water appeared to be contracted at its S.W. extremity, but no rocks above water could be traced.
The S.W. extremity was determined to be in latitude 20° 2' N., longitude 167° 49' W. ; which differs
from that assigned to the shoal ,seen by Captain
Nicholson.    We termed it Lagoon Reef.
Our course was then shaped for Vavao, the
largest northern island of the Hapae group, but by
some navigators they are included in the Tonga
group.
At daylight on the 21st, we reached within ten
miles of its northern point. The appearance of this
cluster presented a complete archipelago, with many
dangerous reefs off the southern extreme. We
fully expected to reach our anchorage before nine,
but after rounding the northern extremity, where
by the chart we expected to find " Port Refuge,"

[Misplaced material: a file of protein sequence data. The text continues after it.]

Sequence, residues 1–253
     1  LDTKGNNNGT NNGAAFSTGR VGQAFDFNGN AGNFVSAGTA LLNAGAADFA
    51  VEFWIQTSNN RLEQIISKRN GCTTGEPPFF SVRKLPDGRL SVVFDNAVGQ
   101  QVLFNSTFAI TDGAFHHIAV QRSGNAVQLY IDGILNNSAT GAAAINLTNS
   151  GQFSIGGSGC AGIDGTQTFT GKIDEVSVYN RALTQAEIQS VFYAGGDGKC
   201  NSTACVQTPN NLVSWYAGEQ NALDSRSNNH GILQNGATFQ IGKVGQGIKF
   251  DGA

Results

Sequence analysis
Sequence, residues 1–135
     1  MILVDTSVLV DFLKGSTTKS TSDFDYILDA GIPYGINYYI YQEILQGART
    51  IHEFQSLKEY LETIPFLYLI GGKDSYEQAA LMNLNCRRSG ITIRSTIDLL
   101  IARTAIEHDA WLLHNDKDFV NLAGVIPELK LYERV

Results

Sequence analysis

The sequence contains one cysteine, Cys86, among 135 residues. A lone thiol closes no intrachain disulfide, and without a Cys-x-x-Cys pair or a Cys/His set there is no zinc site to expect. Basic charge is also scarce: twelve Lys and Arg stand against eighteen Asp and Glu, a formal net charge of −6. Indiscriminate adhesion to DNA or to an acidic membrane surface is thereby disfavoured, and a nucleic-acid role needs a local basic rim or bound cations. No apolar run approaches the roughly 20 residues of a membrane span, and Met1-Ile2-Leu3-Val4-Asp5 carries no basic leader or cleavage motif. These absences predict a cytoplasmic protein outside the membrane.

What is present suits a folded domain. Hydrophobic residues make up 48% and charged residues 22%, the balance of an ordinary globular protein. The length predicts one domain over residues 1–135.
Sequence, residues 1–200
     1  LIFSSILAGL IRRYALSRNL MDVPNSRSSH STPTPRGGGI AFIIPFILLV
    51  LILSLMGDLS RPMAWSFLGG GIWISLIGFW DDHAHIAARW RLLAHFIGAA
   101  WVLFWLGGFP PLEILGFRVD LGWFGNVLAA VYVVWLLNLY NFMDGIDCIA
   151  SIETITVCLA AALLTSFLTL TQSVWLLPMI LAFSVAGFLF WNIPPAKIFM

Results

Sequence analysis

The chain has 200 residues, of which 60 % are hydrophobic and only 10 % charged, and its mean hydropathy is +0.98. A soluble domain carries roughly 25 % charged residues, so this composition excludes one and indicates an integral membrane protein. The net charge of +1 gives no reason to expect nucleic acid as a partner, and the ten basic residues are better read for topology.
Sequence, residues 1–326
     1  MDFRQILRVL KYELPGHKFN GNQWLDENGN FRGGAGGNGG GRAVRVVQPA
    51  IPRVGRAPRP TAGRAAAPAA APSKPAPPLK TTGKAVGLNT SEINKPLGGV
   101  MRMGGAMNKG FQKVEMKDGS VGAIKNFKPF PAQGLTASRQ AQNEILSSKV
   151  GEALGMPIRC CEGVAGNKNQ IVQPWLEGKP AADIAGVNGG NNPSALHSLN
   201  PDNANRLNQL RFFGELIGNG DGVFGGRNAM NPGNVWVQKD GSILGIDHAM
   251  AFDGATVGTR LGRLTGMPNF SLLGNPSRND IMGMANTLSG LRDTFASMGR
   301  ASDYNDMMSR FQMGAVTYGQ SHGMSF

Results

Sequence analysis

we continued to run down its western side until the
openings seen from the eastward again presented mm
mm
1840.]
PORT  REFUGE.
25
themselves. Through these openings, only, could we
expect to find the port. Indeed, I had almost
fancied that we had made a wrong landfall, and in
order to secure the meridian distance, I immediately landed on the nearest accessible station, and
succeeded in saving latitude and time; the ship
working to windward during the interval.
A pilot, left by her Majesty's ship Cruizer, soon
visited the ship, and having rejoined her myself,
about five miles to windward, we continued to beat
through a labyrinth of islands, about six miles to
the N.N.E., until sunset, when we dropped our
anchor in the inner harbour,—the first ship or vessel
of war that had anchored there.
The title of Port Refuge it certainly deserves